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john c. mutter

An economic argument for reframing the geoscientist's role in disaster mitigation

Geoscientists don’t often weigh in on the long-term societal implications of the natural disasters they study — but perhaps they should. Thinking about disasters in the same way economists do might help them do more good.
14 May 2017

Voices: From Haiti to Japan: A tale of two disaster recoveries

A year ago this month, a devastating earthquake and tsunami struck northern Japan. Two years and two months earlier, on Jan. 12, 2010, a much smaller earthquake devastated Haiti. Both earthquakes occurred on a weekday and in the afternoon, but there is very little else that is similar about these two events or how the countries have recovered.

09 Mar 2012

Voices: The confounding economics of natural disasters

In the hours (not days) after the enormous earthquake hit Japan on March 11, before it was even known that the Fukushima power plant had been badly disabled and well before the scope of the mortality and damage had been assessed, the Japanese yen rapidly appreciated in value. The G7 nations moved to quickly stabilize the yen — not to prevent it from falling, but to prevent it from further appreciating.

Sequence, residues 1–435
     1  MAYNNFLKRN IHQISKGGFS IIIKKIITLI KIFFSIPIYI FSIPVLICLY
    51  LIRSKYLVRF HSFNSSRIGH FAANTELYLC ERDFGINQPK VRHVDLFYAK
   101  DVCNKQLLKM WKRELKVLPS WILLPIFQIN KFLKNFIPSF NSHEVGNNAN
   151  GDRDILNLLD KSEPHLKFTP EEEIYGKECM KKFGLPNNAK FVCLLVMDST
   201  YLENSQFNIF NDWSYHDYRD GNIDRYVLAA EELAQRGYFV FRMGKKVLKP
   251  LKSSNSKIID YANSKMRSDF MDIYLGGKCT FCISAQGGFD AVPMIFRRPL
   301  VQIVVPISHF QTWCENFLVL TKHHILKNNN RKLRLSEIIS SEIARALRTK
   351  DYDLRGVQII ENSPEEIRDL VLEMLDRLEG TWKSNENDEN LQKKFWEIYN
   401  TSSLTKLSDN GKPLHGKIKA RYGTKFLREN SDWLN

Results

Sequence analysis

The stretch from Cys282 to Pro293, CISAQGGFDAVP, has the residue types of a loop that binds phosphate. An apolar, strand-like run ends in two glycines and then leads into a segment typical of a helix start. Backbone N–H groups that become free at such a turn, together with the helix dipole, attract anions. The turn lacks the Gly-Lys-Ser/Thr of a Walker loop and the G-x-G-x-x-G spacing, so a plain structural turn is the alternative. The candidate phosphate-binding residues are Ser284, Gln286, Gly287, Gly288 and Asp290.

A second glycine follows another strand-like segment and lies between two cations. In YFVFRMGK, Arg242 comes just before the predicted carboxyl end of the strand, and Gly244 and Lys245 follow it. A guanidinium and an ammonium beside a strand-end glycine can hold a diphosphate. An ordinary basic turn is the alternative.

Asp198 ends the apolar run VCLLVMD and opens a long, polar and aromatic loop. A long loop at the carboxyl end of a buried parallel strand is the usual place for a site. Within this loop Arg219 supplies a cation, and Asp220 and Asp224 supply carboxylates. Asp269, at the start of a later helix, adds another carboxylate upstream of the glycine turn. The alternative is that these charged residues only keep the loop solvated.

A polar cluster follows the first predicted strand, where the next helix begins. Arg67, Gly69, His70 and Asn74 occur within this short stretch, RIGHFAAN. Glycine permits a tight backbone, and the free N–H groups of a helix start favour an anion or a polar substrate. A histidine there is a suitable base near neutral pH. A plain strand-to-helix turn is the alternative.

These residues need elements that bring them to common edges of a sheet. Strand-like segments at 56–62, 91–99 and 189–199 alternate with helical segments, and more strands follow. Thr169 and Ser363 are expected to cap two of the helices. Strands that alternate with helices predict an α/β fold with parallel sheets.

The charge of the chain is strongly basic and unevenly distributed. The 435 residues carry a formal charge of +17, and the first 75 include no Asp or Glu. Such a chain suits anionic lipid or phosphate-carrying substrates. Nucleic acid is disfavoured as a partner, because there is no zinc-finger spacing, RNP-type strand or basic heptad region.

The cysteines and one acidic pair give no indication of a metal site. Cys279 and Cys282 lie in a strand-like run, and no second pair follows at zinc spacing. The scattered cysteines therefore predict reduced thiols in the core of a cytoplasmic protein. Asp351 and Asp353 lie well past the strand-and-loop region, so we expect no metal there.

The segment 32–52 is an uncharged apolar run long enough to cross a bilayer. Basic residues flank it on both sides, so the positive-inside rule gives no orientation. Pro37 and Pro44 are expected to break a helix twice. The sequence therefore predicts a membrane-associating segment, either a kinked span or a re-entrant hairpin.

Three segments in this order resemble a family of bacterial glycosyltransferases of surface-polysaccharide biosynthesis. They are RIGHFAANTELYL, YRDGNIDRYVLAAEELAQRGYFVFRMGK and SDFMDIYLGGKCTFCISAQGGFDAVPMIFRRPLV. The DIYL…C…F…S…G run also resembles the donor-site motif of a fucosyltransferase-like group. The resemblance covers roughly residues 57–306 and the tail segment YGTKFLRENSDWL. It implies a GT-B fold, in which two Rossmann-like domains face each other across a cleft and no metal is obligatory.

28 Apr 2011

Voices: Should science dictate whether to rebuild after a natural disaster?

Move Port-au-Prince? Maybe. San Francisco and New Orleans? Never.

It is common for scientists to call for the relocation of a city to a safer location after it is struck by an earthquake or hurricane. After all, when many cities were built, the nature of the hazard they faced was either unknown or very poorly understood. This is true whether we’re talking about San Francisco, Calif., New Orleans, La., or Port-au-Prince, Haiti. Now that we know the hazards, is it time to relocate a city in a dangerous locale? Port-au-Prince? Yes. San Francisco and New Orleans? No.

24 Feb 2010